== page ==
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POSTED AT 02:45 PM 17-09-2016

A fashion first: hijabs dazzle New York Fashion Week

A collection by designer Anniesa Hasibuan's presented at New York Fashion Week. [Courtesy: metro.co.uk]

A collection by designer Anniesa Hasibuan's presented at New York Fashion Week (NYFW), is the first time every model walked the event's runway wearing a hijab. The show was also one of the firsts by an Indonesian at the prestigious annual event. At a time when what Muslim women choose to wear is causing intense debate, many are calling Hasibuan's move a historic moment in bringing the hijab out of the ‘mainstream’.

Inspired by her hometown Jakarta, Hasibuan presented trousers, flowing tunic and gowns, in luxurious fabrics and detailed embroidery, which left her audience dazzled. As a relative newcomer to the NYFW runway , 30-year-old Hasibuan received a standing ovation at the end of her show earlier this week.

With Islamic fashion making such an impact on the runway, world’s leading designer brands such as; H&M and Dolce and Gabbana, are already lining up to get in on the evolution of the stereotype fashion. It has coincided with what is being called the "modesty movement" in fashion. Many mainstream designers are experimenting with more covered-up clothing (the one-piece bathing suit is back on trend). Indonesia is seen as an innovator in the region for modern Islamic dress. "Indonesian fashion has become more diverse and we've become more confident in taking our own culture and what we've grown up with into our influences," says Putri Soediono, a Singapore-based designer with Indonesian heritage.

The designer further stated that, Hasibuan has proven that Islamic wear can be fashionable, not just the plain black Arab-style burqa that people think of, and that there is talent in Indonesia. But although some see designers like Hasibuan as modernising the Muslim dress for the modern Muslim, there are conservative groups in Indonesia who do not agree.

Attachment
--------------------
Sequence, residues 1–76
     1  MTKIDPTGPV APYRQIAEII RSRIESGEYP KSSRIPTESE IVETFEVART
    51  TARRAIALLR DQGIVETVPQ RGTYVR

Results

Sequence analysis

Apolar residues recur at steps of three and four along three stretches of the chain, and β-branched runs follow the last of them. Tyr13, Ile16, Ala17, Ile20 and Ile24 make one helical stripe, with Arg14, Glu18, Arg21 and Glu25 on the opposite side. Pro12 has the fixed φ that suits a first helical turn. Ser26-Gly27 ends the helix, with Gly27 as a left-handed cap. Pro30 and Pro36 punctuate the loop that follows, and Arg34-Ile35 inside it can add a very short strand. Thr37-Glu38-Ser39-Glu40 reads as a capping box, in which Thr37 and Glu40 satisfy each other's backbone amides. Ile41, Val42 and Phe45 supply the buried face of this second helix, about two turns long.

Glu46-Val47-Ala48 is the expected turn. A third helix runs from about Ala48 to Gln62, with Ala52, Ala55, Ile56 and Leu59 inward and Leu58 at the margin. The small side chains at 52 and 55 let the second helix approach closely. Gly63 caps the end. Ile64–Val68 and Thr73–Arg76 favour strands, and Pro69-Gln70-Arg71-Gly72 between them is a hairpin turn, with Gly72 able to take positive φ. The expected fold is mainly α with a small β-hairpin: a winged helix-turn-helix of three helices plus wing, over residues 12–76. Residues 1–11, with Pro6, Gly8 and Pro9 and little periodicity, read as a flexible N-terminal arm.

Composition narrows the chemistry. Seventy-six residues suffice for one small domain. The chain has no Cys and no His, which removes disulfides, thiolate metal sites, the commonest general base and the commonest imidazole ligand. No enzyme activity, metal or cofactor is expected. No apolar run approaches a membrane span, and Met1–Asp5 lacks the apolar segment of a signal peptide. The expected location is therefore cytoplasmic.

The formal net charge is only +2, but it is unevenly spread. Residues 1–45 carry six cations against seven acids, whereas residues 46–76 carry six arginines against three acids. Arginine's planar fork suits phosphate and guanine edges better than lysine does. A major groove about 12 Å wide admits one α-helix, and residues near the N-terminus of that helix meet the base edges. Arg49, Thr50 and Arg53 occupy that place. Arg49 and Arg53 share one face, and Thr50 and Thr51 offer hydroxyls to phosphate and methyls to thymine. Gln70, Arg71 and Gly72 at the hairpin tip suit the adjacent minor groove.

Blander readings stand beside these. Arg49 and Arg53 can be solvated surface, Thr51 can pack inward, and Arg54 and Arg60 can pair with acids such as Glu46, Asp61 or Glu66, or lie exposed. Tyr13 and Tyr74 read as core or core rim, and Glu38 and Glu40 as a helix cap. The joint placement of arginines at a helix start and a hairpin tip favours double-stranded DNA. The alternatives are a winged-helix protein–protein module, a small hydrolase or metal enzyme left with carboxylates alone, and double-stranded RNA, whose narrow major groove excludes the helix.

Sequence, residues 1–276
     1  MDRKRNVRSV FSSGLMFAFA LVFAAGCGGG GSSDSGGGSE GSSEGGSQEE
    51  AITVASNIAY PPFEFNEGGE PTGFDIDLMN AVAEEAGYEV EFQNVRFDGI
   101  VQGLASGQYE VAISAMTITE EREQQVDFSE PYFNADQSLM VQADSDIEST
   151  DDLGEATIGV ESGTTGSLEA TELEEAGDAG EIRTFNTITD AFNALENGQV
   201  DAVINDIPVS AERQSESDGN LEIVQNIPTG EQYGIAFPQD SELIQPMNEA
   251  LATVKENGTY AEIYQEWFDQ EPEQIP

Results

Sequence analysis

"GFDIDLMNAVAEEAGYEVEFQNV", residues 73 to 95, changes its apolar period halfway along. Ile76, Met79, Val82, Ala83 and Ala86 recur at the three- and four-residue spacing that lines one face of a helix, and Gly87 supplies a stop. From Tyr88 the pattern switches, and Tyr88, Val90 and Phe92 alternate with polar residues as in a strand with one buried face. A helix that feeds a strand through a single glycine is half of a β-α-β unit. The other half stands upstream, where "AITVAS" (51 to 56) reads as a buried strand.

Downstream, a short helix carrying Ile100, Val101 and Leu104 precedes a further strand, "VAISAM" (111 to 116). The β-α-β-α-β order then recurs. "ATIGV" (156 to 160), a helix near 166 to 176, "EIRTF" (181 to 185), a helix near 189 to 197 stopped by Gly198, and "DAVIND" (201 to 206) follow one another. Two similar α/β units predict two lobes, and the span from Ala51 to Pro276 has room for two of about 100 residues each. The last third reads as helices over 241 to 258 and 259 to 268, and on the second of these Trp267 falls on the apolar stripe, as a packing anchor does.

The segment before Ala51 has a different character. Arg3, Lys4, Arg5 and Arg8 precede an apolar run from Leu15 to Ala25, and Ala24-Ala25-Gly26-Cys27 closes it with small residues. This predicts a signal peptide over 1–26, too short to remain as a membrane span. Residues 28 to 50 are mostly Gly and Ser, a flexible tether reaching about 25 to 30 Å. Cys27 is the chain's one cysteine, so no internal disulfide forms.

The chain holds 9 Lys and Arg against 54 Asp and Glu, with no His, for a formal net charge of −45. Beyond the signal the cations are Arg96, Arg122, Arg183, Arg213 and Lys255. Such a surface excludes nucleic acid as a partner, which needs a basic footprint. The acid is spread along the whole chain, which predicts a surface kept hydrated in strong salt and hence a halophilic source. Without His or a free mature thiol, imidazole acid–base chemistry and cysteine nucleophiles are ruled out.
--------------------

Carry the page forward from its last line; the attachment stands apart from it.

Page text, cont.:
"The essence of Muslim dress is to wear something decent, to be modest. For women they have to make sure what they're wearing doesn't attract the attention of men," says Dr Eva Nisa, professor of Islamic Studies at Victoria University, who has been researching Muslim fashion in Indonesia since 2007. "Some people think what the Muslim fashion designers produce is totally against this kind of religious doctrine [because it can be seen to attract attention]." In addition she stated, in reaction to this, there has been a move towards the jilbab or hijab Shari'a - presented as more appropriate modern Islamic dress - since it is long and loosen fitted. For many young Muslim women, the hijab is not a symbol or a statement, but part of their identity - an identity they are asserting more confidently.

 

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